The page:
It is these very limis in dimension that poses theheart of any approach to writing down a game design.The first thing you need to decide in your adventure,then is which is the more important dimension in yourgame: space or time?"
Organization: Time vs. SpaceThere are two basic guiding options when you
try to write down your adventure which you can easilychoose between by asking your self this question:
ls the primary motivating force on the characterslimited options or limited time?
The first is called an option lock while the secondis called a time lock.
l. Option lock This means that the options avail-able to the players will diminish over the course ofthe adventure until they literally run out of op-tions. Players who are making their way throughan underground dungeon are primarily faced withan option lock; there are only so many places that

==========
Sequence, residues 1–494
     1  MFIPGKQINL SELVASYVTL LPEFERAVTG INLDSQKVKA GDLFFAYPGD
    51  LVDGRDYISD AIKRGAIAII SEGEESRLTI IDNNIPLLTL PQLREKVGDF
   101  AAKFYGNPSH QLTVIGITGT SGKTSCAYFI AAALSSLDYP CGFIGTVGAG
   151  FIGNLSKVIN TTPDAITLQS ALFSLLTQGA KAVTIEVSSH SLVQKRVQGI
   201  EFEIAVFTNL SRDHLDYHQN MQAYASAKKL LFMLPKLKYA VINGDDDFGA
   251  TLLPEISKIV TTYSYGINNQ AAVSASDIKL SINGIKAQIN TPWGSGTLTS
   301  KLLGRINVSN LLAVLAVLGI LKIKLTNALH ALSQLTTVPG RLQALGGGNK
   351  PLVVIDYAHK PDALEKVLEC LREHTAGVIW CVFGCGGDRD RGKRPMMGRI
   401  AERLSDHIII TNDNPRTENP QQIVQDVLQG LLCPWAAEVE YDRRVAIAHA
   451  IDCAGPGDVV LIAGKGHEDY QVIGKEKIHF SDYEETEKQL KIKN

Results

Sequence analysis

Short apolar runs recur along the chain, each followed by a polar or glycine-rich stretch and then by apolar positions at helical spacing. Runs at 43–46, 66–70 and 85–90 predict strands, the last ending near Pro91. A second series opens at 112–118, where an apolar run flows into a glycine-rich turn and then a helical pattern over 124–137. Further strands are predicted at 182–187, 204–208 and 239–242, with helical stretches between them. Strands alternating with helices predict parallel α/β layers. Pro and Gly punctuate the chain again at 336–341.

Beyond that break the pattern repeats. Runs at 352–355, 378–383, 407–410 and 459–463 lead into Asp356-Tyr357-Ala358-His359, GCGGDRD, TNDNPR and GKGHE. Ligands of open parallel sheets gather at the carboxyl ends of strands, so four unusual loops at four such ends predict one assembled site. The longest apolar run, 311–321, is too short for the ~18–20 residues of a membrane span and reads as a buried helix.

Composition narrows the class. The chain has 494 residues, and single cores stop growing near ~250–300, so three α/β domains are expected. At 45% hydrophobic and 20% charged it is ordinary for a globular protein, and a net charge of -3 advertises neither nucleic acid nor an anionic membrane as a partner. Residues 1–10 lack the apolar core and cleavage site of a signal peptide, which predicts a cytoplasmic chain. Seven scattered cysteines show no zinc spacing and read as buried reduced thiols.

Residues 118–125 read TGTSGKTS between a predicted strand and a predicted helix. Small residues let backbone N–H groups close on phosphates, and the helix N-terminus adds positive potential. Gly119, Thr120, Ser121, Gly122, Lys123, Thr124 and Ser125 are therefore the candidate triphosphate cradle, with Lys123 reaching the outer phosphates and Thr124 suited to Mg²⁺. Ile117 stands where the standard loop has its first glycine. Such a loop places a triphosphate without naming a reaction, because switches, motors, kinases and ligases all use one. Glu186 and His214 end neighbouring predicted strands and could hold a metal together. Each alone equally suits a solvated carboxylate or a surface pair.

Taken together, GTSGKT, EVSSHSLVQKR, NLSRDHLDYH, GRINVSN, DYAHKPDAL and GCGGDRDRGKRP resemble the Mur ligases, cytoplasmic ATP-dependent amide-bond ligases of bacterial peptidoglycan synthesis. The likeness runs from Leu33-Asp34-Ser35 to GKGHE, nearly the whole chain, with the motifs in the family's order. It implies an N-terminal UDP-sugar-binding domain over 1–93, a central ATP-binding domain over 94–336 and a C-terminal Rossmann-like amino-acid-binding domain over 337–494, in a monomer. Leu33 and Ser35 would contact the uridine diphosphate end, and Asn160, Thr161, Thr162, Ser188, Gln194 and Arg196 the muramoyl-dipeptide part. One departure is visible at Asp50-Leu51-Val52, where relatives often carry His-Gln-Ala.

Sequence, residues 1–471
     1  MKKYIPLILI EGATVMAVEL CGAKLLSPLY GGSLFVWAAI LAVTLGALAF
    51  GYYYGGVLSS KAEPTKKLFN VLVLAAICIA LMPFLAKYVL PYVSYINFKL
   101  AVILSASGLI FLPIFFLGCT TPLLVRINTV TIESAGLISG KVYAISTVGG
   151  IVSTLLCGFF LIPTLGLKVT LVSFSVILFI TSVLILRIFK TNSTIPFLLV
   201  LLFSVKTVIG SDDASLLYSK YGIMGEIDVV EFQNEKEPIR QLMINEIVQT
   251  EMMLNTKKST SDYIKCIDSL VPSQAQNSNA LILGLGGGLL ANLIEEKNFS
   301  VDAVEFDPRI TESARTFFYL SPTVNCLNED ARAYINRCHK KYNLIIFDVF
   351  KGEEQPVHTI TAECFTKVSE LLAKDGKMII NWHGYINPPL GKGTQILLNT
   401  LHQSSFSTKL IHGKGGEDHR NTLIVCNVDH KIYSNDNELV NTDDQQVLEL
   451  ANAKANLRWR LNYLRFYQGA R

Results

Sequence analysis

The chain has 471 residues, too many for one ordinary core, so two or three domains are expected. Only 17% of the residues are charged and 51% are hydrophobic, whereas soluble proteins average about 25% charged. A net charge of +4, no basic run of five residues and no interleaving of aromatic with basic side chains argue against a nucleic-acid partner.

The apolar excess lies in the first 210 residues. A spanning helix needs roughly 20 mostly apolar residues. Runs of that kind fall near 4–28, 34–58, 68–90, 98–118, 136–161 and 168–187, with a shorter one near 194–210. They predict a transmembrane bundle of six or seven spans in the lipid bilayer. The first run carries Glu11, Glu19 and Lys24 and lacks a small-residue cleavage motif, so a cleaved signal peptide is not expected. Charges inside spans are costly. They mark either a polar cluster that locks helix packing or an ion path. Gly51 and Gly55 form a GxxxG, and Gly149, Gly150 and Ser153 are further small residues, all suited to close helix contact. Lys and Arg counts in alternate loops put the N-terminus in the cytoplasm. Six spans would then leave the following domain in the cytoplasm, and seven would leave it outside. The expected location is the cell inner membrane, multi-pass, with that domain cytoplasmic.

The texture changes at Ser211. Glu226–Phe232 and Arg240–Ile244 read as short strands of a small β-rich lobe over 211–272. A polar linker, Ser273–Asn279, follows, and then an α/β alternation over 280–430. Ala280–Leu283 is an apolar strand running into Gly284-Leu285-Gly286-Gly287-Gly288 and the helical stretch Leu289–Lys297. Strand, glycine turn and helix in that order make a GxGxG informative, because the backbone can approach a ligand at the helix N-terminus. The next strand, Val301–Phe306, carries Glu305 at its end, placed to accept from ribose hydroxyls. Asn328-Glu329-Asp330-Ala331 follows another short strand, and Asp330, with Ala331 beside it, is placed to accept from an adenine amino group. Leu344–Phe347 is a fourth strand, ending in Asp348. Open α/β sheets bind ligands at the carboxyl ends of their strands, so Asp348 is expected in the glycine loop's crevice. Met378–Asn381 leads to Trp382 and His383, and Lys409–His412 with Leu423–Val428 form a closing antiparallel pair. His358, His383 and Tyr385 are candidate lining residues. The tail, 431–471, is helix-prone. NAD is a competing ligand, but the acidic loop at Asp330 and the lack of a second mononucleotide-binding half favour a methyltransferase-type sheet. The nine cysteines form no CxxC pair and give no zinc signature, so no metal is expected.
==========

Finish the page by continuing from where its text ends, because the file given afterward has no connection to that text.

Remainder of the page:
* OK, whiney physics people, we know that the text exiss in the thirddimension physically. The ink, no matter how thin, has its own threedimensional space and the page ceruinly has a thickness beyond is widthand height. We're not talking about the physical properties of the page,we're talking about the dimensions of the information itself, Feed that toSchrddinger's cat . . . who may or may not be around to chew on it.t For you game design challenged, new XDMs, a "chart" compares oneset of numbers to a matched pair of results. A "tdble" cross references twofields (across the top and down the side) to find the result at the intersectionof the two fields. Now you can refer to charu and tables correctly andnot have people snicker behind your back any longer at game designconferences.
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they can go and even though they are free to wan-der around all they want, no one wants to go backto an empty room. So they keep exploring untilthe limit of their options is reached and they frnallyarrive at the end of the adventure.